Author: Mamoletsane Khati, originally posted on March 8 2017 - The theme for International Women’s Day 2017 is #BeBoldForChange. The theme encourages us to challenge the socio-economic, political and cultural barriers towards women development and calls for women to actively participate in challenging the gender gap and inequalities to ensure their development.
Women in Southern Africa face several inequalities compared to their male counterparts. This gender gap is brought about by the challenges of low education, health and high violence that women are be subjected to. This gap is also evident in business and politics and makes it hard for women to realize their full potential and as thus achieve the required empowerment and development as stipulated in the Sustainable Development Goals No.5 which seeks to achieve gender equality and empower all women and girls.
The following are some of the specific challenges that hinder women’s participation in development processes:
- Limited access to formal education: Women have limited access to and use of formal education due cultural and traditional beliefs as well as practices which leave women with lesser opportunities to be in school. This therefore results in high female illiteracy in southern Africa and increases women’s dependency on men for economic as well as social decision making from the household to the national level.
- Traditions, attitudes, stereotypes and prejudices against women’s participation in economic, political, and social processes: The patriarchal system and the belief that men have the last word in relation to the well-being of women. This has led to women’s limited decision making even in issues that affect them directly, such as health. Women cannot decide on the number of pregnancies, child spacing and general issues about their reproductive health. This has led to their limited decision making even in issues that affect them directly, such as health. They have been exposed to numerous health burdens such as frequent pregnancies and malnourished children. Practices such as child marriage expose girls to early child bearing and therefore frequent and unbalanced spacing of children.
- Lack of access to land, credit, and modern agricultural equipment, techniques, and extension services: Women make the majority of agricultural workers but get the least returns from the work that they do. They have no decision over the agricultural produce beyond what is used to feed the families. They have limited access to money that can be made from agriculture and deciding over assets like land. However, improving women’s rights to economic resources such as land builds their capital assets and thereby minimizes their economic dependence.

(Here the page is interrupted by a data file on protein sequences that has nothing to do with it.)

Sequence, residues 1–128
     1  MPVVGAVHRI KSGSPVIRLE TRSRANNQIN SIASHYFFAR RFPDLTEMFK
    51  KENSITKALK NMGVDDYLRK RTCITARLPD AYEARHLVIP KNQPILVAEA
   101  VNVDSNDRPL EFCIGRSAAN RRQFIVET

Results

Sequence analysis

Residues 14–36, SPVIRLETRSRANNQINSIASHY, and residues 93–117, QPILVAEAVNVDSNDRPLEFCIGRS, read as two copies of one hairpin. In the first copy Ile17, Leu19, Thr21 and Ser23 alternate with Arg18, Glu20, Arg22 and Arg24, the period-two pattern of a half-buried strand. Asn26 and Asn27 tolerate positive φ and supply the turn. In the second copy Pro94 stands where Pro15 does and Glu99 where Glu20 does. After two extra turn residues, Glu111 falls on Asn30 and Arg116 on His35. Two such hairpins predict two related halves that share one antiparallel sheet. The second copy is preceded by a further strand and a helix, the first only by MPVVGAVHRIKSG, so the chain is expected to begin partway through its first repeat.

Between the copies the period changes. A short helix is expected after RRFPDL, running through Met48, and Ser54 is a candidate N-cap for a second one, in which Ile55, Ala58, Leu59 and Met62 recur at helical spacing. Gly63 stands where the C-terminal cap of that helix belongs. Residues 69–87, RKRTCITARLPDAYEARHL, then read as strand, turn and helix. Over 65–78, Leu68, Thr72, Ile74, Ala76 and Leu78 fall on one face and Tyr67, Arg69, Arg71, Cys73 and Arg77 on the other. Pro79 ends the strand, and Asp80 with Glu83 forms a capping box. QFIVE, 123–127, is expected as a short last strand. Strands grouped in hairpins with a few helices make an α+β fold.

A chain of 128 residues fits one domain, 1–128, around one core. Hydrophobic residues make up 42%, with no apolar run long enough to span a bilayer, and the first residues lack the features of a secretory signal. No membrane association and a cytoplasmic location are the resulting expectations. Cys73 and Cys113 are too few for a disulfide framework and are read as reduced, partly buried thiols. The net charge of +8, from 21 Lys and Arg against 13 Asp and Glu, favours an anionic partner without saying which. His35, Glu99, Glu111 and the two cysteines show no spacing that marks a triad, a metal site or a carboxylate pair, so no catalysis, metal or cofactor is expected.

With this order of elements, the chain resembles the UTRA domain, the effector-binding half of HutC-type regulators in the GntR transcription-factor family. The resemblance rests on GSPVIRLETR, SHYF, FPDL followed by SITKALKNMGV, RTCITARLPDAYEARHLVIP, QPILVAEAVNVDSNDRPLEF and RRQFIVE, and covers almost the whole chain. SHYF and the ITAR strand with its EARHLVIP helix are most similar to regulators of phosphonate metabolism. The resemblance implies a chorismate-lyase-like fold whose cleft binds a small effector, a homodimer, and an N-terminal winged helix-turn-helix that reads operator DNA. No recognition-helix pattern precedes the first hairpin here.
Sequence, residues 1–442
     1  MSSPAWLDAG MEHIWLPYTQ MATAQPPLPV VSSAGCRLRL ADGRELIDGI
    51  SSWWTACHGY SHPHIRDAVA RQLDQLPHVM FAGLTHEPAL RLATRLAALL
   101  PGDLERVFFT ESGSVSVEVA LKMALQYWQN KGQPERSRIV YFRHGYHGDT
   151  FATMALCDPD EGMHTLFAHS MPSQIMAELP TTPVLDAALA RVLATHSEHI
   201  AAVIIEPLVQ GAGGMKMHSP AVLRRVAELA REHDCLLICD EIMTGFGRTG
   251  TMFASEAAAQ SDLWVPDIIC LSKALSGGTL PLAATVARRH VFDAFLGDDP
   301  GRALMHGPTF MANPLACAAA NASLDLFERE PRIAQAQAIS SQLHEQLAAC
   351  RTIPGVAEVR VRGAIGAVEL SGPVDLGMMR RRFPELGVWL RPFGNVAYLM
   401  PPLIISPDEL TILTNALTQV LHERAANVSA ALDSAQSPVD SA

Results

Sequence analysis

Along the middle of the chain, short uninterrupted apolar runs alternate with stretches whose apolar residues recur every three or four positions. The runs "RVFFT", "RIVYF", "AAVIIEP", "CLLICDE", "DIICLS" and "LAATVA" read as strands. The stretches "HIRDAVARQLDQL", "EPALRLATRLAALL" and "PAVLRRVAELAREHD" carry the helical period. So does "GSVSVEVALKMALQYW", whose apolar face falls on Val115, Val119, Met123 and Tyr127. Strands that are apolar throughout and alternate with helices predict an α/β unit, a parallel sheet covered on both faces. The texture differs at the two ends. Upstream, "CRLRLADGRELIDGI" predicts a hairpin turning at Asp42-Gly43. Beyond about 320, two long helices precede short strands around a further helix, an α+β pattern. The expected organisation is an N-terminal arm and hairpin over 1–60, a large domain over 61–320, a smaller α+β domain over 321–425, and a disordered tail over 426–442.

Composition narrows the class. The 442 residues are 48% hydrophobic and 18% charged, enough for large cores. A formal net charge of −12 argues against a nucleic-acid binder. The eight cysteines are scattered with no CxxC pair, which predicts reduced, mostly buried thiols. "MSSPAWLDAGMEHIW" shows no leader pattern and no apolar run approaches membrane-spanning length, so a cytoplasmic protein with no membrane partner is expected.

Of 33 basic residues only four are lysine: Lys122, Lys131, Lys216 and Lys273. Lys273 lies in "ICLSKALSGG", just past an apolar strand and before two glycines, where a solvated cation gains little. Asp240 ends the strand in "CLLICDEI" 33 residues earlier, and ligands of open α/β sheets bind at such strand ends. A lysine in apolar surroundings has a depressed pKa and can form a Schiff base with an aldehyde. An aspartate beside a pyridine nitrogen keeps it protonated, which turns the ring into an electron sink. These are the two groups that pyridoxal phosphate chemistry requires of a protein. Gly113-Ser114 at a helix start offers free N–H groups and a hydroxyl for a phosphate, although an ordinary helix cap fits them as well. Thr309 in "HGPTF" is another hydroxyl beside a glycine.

- Limited access to jobs: Women are usually denied equal access to jobs. In some cases, women are more employable than men yet they earn less than men when doing the same jobs. They further engage in unpaid and unrecognized care and domestic work. Less women are in the business and political positions.
We need to realize the potential, skills and commitments that women have in order to ensure we take stock of their importance in development. The change must therefore take place at both a personal and social level. The change should take into consideration the institutions, policies and systems that can promote women participation.
Economic participation is the driver for other social, cultural and political dependence. Improving women’s participation will ensure positive changes for women by building their confidence and self-esteem to be able to make relevant decision making at the personal and social level.
Panos Institute Southern Africa (PSAf) believes women should be included in the decision regarding their development. This does not only ensure their empowerment but also the development of their households and as thus the global development. Among many interventions, PSAf implements the Women@Work project that seeks to promote the right to decent work, which among others entails better work conditions and wages for women. PSAf is also implementing the Women Empowered for Leadership project which is advocating for increased participation of women in leadership, building positive images of women in leadership and influence. PSAf also strives for favourable policies and processes that will alleviate poverty, improve maternal mortality rates, reproductive rights, increase education for girls and ensure women of a more sustainable income as a way of ensuring improved living conditions and sustainable livelihoods for women.
The author is PSAf Regional Manager for the Public Health Programme. For feedback, email: firstname.lastname@example.org